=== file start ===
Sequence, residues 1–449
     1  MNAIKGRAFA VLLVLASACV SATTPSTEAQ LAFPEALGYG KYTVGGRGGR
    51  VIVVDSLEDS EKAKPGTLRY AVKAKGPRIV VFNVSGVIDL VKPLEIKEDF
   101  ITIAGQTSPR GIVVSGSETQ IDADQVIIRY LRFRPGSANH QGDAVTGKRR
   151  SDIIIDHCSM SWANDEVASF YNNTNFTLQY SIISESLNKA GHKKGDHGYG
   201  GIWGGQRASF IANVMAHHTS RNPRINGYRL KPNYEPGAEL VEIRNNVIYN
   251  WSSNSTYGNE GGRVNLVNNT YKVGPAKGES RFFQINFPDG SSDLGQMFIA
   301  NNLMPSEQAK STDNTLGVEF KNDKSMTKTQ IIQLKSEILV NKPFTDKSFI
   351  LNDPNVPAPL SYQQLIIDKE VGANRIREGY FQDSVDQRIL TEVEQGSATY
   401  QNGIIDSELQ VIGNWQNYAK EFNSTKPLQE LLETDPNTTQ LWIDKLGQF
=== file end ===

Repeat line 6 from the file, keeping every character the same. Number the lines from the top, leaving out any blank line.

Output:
   201  GIWGGQRASF IANVMAHHTS RNPRINGYRL KPNYEPGAEL VEIRNNVIYN